More than three out of four (78%) financial advisers expect the number of retail investors seeking help for IHT planning to increase over the next three years, according to new research from TIME Investments, which specialises in tax efficient investment solutions.  The findings come as IHT receipts hit a record £5.2 billion in 2017-18 despite the introduction of an additional nil-rate band.

Six out of ten (63%) advisers also predict an increase in the number of IHT products and investment solutions to be launched in the UK.  However, whilst this will offer more choice to investors, it also comes with a health warning – 88% of advisers questioned are concerned that new products will be launched by firms that don’t have the appropriate track record and/or expertise.

Two thirds of advisers predict an increase in the use of Business Relief (formerly known as Business Property Relief) over the next three years to help people reduce their IHT liabilities.  To encourage investors to support UK businesses, the Government allows shares held in qualifying companies that are not listed on any stock exchange and some of those listed on AIM to qualify for Business Relief. This means that once owned for two years, the shares no longer count towards the taxable part of an inheritable estate and are free from inheritance tax at point of death.

The accessibility of Business Relief investments and the range of investment opportunities available help to provide flexibility in IHT planning.  Three quarters of advisers felt that the increasing use of Power of Attorney due to rising dementia rates would contribute to the growth in the use of these flexible IHT solutions.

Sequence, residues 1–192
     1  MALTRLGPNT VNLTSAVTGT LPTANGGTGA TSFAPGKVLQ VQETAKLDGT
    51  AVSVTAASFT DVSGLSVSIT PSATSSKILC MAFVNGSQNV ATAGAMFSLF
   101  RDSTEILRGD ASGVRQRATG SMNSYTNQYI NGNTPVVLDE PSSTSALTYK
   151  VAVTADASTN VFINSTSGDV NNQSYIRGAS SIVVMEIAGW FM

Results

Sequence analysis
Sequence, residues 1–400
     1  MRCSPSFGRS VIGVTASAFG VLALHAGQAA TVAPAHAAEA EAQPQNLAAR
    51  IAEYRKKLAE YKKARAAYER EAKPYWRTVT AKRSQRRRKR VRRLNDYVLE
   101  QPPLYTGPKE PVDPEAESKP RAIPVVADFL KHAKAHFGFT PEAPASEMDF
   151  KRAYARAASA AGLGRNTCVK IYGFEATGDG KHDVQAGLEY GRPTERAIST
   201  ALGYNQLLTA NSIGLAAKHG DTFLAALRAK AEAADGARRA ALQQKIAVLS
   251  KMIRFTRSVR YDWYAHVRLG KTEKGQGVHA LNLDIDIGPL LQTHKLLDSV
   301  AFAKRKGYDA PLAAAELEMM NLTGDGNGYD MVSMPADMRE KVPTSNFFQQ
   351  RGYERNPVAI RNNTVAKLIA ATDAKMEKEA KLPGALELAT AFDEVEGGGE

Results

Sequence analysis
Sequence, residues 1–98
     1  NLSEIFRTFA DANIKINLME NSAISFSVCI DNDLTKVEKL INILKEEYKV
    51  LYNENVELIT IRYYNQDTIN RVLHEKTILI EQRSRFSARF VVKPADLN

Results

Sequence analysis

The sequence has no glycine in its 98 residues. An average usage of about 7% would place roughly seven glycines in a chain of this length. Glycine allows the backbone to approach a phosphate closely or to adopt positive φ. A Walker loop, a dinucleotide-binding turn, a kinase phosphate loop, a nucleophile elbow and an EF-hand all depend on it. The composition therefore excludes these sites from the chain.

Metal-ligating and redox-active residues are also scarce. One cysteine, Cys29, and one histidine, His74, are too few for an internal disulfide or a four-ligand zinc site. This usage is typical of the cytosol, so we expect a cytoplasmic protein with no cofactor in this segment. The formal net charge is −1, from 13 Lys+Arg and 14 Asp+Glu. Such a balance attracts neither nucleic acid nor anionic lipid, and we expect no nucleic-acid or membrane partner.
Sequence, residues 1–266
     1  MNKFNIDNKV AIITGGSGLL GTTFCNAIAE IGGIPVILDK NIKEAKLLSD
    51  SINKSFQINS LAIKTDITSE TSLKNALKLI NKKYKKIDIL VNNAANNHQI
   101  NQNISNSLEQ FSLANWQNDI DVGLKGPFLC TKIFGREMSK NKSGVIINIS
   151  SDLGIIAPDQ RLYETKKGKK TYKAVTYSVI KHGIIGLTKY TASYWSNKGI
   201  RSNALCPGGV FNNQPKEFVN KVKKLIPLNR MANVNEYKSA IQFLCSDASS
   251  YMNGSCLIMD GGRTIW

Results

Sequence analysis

Henny Dovland, TIME Investments’ IHT expert comments: “The number of families in the UK being caught in the IHT net is increasing.  This represents a significant opportunity for advisers specialising in IHT and intergenerational planning and is reflected in our findings that reveal more specialist products are set to be launched in this market. However, care needs to be taken to ensure any new solutions are fit for purpose.  Our specialist team has a track record of over 22 years in this complex area.”

For further information on TIME Investments and its range of products, please visit www.time-investments.com

proserv
Private ClientWealth Management

Preserving a Heritage of Excellence

Preserving a Heritage of Excellence

Proserv is a global leader with a worldwide presence, offering a fresh alternative in the delivery of engineering and technical services to the energy, process and utility markets. We spoke to Andy Anderson, Regional President MEA at Proserv, to find out more about the company and its innovative services.